Fifty Thanksgiving Wines

Autumn oak leaves

A spirited selection of red, white, rosé, and sparkling wines for America’s favorite meal

Thanksgiving tastes evolve slowly. It can take generations for Auntie’s Jell-o mold to vanish from the table and Junior’s kale salad to colonize the void. Wine tastes, on the other hand, evolve more rapidly. One day the chatter’s all about red blends and Sherry, and then—poof!—everyone’s moved on to the Jura and rosé.

Each Thanksgiving season I review and update my canonical article on Thanksgiving wine pairing. To honor shifting fashion, I’ll edit the specifics by, say, adding Etna Rosso and dialing back sweet Riesling. But certain essentials hold true year after year. No single wine works well with every flavor on the Thanksgiving table, but I’ve discovered certain styles that are consistently successful. These run the gamut from sparkling wines to spirited whites and reds to earthier wines that are still light on tannin and alcohol.

This year, after tuning the article’s general advice, I pulled together a list of specific Thanksgiving wines that fit my recommended categories. These wines are all from recent tastings, so you might have a chance of snagging these vintages from your favorite merchant. And in honor of the holiday’s provenance, I’ve only included wines grown and made in America.

 

Fifty Thanksgiving Wines

 

Sparkling Wines

Celebratory and cleansing, sparkling wines kick off the meal and refresh the palate between rich bites:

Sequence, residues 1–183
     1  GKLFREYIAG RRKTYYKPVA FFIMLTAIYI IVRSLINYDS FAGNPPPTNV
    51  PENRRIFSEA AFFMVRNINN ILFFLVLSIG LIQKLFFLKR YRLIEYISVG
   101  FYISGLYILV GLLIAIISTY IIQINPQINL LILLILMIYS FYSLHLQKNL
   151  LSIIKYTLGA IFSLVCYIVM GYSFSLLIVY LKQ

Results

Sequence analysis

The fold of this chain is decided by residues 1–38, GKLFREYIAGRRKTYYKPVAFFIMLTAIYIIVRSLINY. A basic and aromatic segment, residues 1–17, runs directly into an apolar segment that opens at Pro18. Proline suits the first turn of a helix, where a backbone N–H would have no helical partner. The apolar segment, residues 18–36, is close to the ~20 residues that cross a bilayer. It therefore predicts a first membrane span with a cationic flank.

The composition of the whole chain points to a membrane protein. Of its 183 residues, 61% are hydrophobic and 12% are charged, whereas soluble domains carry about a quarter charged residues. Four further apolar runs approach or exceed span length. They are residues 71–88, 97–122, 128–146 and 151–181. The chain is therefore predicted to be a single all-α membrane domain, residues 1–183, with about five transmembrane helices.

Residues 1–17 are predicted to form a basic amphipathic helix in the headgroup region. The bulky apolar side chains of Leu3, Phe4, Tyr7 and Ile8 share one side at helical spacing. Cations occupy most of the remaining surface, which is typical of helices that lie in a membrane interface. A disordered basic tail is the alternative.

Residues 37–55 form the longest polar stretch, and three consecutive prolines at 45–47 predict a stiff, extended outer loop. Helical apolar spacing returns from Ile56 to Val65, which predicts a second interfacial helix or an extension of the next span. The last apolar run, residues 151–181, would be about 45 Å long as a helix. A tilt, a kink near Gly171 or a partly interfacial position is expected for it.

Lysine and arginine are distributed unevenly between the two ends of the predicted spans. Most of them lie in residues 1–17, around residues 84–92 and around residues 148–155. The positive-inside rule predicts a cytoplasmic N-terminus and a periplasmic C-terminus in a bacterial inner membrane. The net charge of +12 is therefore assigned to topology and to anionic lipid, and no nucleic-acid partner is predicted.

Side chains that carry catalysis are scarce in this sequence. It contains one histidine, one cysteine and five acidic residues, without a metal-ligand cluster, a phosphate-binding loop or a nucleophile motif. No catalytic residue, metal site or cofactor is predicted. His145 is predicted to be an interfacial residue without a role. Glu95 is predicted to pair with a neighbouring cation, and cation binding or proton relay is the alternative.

Spirited Whites

Great with light meat and vegetarian options, but they can also cut through butter and cream:

 

Full-bodied Whites

These wines have the heft to balance bold flavors but they’re fresh enough not to swamp more delicate dishes:

 

Rosés

Rosé has lively acidity but often more body than white wines, and its berry flavors complement poultry and vegetable sides:

 

Juicy Reds

These act like liquid cranberry sauce for the bird, and they’re also light enough for vegetarian fare:

 

Savory, Spicy Reds

Earthier, darker red wines complement the most savory elements on the plate: dark meat turkey, sausage dressing, and bitter greens:

You might also enjoy this article on Thanksgiving wine pairing.

 

Many thanks to Terroirist for recommending this article to their readers.

All but a few of the recommended wines were samples for review. See the individual articles for complete details.

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6 Comments

  1. says: Tom

    You do know they make wine in Washington, right? Not sure how you can compile a list of 50 domestic wines to recommend and not have one from Washington.

    1. Tom, thanks for reading, and for your enthusiasm for Washington State’s wines. As you note in your follow-up comment, I did include a Washington State wine in the roundup—DeLille’s Chaleur Blanc. I’ve written extensively about Washington this season here and elsewhere after my weeklong visit this spring. Find my articles and other Washington wine reviews in the Washington State category.

  2. says: Tom

    Just noticed that you did have one, the Chaleur Estate Blanc (apologize for writing that you didn’t pick one!). Great wine but WA still way under-represented. Cheers!

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